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Summary: Jesus presented Himself as God, only to be rejected by the theologians. Would we have reacted any differently? John compels us to think seriously about our own response to Jesus, the Living God.

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*John 8:48-58*

*Jesus, the Great “I Am”: The Eternal God*

“The Jews answered [Jesus], ‘Are we not right in saying that you are a Samaritan and have a demon?’ Jesus answered, ‘I do not have a demon, but I honour my Father, and you dishonour me. Yet I do not seek my own glory; there is One who seeks it, and he is the judge. Truly, truly, I say to you, if anyone keeps my word, he will never see death.’ The Jews said to him, ‘Now we know that you have a demon! Abraham died, as did the prophets, yet you say, “If anyone keeps my word, he will never taste death.” Are you greater than our father Abraham, who died? And the prophets died! Who do you make yourself out to be?’ Jesus answered, ‘If I glorify myself, my glory is nothing. It is my Father who glorifies me, of whom you say, “He is our God.” But you have not known him. I know him. If I were to say that I do not know him, I would be a liar like you, but I do know him and I keep his word. Your father Abraham rejoiced that he would see my day. He saw it and was glad.’ So the Jews said to him, ‘You are not yet fifty years old, and have you seen Abraham?’ Jesus said to them, ‘Truly, truly, I say to you, before Abraham was, I am.’”[1]

Jesus was not crucified because He was a good man; He was crucified because He claimed to be God. Unlike many of His current apologists, Jesus’ Jewish antagonists understood quite well what Jesus claimed about Himself. Christians worship Jesus as very God in human flesh. If He is not God, our practise is in grave error, and we are guilty of perpetuating a gross deception. However, since the Word of God presents Him as very God, and since He presented Himself as God, then we sin grievously against Him if we fail to receive Him as God.

The text before us records Jesus’ own words concerning His eternal nature. Both Christians and non-Christians will benefit from reviewing His words. Surely His Words will encourage us in our faith and give us strength in the face of a fallen world to stand firm in the Faith. Undoubtedly, His teaching will rebuke our timid response to the denial of those who denigrate Him as God. Above all, knowing the Saviour more completely will glorify His Name.

*The Setting for the Account* — It seems that every time Jesus spoke, there was a religious “Truth Squad” present that attempted to discredit whatever He said. This time was no different. This encounter took place during the Feast of Booths. In earlier sermons we explored two earlier pronouncements Jesus made during this Festival that was observed near the end of His ministry.[2] Following these statements concerning His Person and His ministry, Jesus taught those present of the freedom that is found in knowing Him. The “Truth Squad” took exception to His teaching and accused Him of being born as result of an immoral relationship [*John 8:41*].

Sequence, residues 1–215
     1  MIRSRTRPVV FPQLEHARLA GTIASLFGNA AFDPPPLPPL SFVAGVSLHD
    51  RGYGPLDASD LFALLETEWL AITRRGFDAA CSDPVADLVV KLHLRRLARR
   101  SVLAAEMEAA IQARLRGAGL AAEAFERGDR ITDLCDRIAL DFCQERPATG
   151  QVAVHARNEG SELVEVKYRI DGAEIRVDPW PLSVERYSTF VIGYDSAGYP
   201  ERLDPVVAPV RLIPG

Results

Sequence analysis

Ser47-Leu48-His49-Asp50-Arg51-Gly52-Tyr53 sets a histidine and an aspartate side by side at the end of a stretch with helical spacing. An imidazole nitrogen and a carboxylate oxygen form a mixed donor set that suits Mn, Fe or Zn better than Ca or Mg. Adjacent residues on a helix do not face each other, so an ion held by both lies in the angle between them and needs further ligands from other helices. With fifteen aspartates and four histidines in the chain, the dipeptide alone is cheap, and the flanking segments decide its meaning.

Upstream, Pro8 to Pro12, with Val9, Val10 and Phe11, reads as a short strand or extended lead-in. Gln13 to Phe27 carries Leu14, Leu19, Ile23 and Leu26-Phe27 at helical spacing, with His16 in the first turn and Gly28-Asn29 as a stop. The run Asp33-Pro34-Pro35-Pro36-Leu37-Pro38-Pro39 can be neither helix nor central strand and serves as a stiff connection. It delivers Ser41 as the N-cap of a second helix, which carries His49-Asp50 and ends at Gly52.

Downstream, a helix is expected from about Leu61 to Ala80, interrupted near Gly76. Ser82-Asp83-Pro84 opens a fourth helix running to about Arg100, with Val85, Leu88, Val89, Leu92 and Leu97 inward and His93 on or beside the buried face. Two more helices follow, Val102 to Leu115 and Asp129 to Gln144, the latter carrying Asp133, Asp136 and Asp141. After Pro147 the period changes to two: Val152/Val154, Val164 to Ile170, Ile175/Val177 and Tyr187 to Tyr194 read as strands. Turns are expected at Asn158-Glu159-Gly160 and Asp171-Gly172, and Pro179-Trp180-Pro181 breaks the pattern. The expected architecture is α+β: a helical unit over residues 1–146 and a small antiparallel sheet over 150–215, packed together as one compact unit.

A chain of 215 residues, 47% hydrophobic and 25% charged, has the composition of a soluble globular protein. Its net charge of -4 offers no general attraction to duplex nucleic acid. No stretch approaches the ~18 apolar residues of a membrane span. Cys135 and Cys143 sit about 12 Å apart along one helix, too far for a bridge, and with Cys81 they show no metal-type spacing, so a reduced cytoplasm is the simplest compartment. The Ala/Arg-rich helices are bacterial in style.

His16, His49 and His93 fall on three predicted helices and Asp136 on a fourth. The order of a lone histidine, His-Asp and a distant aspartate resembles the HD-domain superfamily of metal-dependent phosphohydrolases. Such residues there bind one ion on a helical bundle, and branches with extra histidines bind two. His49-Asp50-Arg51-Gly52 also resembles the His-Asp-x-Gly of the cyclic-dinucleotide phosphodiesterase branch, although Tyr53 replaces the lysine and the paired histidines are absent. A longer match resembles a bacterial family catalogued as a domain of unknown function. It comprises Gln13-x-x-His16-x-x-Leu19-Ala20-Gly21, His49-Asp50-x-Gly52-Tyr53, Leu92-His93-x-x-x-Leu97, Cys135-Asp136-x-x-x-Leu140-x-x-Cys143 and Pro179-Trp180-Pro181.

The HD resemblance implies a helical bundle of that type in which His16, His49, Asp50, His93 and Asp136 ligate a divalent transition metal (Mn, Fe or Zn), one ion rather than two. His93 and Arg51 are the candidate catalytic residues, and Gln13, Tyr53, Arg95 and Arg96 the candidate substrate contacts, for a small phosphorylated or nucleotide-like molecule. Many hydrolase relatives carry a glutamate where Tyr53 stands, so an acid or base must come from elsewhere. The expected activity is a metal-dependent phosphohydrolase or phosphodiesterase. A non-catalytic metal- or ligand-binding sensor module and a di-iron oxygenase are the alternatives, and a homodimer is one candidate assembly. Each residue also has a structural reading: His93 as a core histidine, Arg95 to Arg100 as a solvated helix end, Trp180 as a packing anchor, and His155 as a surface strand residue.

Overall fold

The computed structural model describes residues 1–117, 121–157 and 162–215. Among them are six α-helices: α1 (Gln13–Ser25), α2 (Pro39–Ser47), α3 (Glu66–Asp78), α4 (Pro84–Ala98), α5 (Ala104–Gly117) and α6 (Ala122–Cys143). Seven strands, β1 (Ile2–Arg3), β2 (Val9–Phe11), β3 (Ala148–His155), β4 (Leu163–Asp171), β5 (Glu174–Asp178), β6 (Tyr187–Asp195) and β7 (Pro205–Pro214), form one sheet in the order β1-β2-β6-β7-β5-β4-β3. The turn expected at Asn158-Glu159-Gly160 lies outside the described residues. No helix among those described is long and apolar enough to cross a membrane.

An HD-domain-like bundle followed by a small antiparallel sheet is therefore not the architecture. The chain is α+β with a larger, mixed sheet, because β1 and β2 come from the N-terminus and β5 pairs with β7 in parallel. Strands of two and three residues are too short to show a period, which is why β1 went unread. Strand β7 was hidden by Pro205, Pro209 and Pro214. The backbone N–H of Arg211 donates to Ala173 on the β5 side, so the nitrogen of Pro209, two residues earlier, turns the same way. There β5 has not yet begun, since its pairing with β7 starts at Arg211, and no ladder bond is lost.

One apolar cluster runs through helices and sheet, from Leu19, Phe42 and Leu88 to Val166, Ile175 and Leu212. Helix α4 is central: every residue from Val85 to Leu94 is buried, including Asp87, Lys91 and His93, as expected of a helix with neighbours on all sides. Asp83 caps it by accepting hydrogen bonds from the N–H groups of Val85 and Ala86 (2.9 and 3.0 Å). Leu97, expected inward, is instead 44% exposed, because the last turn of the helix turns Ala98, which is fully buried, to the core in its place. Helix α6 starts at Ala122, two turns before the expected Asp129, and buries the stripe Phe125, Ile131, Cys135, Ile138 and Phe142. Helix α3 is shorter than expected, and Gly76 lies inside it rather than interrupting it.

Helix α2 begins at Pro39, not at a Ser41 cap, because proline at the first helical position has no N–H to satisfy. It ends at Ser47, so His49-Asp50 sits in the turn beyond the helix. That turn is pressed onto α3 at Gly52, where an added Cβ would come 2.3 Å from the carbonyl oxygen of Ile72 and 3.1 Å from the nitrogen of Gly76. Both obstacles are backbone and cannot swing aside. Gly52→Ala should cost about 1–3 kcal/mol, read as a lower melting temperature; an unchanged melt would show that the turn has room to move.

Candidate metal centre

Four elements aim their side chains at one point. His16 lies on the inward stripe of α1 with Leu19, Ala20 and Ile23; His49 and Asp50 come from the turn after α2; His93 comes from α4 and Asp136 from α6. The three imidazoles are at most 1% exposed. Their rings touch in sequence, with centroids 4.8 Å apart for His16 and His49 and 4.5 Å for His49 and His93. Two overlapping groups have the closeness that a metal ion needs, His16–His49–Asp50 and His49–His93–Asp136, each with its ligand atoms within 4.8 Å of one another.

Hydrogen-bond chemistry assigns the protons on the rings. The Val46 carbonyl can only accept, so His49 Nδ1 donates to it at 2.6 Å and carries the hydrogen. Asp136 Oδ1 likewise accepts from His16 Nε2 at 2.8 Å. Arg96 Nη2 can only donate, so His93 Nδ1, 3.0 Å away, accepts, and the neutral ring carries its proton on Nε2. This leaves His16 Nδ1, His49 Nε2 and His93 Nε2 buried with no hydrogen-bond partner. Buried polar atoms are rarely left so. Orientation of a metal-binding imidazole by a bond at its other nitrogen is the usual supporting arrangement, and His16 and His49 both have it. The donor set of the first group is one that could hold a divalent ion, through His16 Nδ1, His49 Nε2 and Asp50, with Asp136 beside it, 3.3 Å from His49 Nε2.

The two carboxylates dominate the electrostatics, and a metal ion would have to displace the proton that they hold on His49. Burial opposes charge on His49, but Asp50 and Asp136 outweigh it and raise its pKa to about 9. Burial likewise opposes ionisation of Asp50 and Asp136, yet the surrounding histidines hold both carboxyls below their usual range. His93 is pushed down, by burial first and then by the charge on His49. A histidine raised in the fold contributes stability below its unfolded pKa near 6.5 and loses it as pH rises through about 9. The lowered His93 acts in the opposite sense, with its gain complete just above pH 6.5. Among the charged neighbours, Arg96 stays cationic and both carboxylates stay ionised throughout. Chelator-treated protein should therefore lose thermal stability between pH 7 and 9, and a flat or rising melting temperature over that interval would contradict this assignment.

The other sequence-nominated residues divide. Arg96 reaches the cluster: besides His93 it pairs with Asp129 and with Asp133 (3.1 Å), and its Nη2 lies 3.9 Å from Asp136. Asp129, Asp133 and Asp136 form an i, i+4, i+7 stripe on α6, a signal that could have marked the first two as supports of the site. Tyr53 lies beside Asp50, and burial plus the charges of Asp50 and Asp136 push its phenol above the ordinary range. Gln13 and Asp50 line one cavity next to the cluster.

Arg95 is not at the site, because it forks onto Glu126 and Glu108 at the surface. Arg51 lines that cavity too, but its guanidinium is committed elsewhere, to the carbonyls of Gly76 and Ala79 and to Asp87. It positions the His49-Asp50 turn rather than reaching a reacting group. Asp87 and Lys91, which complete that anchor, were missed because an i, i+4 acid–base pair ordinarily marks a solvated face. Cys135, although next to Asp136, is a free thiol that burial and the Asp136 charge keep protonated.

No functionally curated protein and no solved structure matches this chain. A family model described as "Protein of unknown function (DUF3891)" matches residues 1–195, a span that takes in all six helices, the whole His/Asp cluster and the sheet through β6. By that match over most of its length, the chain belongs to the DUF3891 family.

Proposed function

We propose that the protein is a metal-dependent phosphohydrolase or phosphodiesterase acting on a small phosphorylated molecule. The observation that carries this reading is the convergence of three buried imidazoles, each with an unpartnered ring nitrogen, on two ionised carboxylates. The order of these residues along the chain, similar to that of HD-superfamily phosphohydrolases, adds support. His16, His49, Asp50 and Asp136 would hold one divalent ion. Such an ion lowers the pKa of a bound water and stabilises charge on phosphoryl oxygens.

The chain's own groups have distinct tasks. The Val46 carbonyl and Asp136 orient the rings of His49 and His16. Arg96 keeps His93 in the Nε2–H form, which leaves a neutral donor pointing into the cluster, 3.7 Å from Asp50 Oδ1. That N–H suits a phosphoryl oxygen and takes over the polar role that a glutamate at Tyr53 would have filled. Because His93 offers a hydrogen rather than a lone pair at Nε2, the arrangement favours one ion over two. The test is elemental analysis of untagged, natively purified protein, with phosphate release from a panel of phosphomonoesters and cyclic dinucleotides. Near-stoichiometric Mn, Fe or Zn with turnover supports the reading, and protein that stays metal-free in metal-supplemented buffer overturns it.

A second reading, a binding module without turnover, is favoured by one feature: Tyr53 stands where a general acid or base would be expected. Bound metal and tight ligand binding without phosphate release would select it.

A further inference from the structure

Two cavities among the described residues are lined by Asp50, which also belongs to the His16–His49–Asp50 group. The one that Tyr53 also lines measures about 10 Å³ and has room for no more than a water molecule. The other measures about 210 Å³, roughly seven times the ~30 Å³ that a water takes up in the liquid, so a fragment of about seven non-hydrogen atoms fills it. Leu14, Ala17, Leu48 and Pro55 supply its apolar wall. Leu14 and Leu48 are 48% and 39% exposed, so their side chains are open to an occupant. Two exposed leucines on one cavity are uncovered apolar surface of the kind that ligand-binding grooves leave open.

Jesus responded, not with vitriol and vituperation, but with reason. He exposed their ignorance concerning His words because of their lack of relationship to the True and Living God [*John 8:42-45*]; and He exposed their inability to demonstrate that He was either imprecise or errant [*John** 8:46*]. Above all, their failure to heed His words was because they had no vital relationship to the Father of Lights [*John** 8:47*]. Jesus spoke a significant truth when He said, “Whoever is of God hears the words of God” [*John** 8:47a*].

That day was now drawing to a close; the Master was still in the Temple. It seems reasonable to conclude that He was still in the Treasury. He had been teaching the crowds, and it is almost certain that many present had deliberately elected to linger in the Treasury because they wanted to hear what this Galilean would say. Some were undoubtedly curious, but others sought to know what was pleasing to the Lord, and therefore they wanted to hear what Jesus might say. When the “Truth Squad” increased the level of invective, and Jesus failed to rise to the bait, rather than driving people away, we can imagine that many were drawn to hear Him.

Whenever Jesus spoke, those who heard were not permitted the luxury of remaining neutral. Either they were stirred by the majestic glory unveiled in His words, or they were repelled by because He exposed their perfidy. In a similar manner, whenever His Word is declared in purity and power today, people are compelled to make a choice to either accept what is said as truth, or to reject it as unsuitable—too difficult or inconvenient—for their lives. Neutrality is not an option when the Word of the Lord is delivered.

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